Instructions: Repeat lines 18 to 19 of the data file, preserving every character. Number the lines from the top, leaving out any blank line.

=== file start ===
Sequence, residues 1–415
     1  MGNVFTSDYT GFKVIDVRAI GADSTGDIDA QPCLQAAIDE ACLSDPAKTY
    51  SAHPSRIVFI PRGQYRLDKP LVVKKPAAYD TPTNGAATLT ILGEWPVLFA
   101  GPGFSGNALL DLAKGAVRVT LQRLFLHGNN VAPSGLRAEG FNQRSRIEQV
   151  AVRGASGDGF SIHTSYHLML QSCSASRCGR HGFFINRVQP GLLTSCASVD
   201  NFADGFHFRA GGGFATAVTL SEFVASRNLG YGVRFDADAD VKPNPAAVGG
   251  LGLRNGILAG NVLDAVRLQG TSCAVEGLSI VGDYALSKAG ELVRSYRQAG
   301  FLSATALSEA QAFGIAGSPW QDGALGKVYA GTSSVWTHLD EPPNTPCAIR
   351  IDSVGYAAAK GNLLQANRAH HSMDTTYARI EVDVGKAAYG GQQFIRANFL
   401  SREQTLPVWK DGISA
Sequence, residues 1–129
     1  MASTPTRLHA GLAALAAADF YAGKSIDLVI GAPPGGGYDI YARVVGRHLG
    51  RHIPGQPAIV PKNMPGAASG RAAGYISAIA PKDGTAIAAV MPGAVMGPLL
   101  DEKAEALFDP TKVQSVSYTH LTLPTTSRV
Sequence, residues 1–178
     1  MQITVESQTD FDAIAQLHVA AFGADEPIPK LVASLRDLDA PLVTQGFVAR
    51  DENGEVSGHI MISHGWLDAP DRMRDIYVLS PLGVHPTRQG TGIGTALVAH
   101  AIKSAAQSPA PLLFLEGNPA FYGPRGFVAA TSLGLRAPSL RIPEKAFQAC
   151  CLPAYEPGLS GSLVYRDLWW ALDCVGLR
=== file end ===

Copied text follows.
   101  AIKSAAQSPA PLLFLEGNPA FYGPRGFVAA TSLGLRAPSL RIPEKAFQAC
   151  CLPAYEPGLS GSLVYRDLWW ALDCVGLR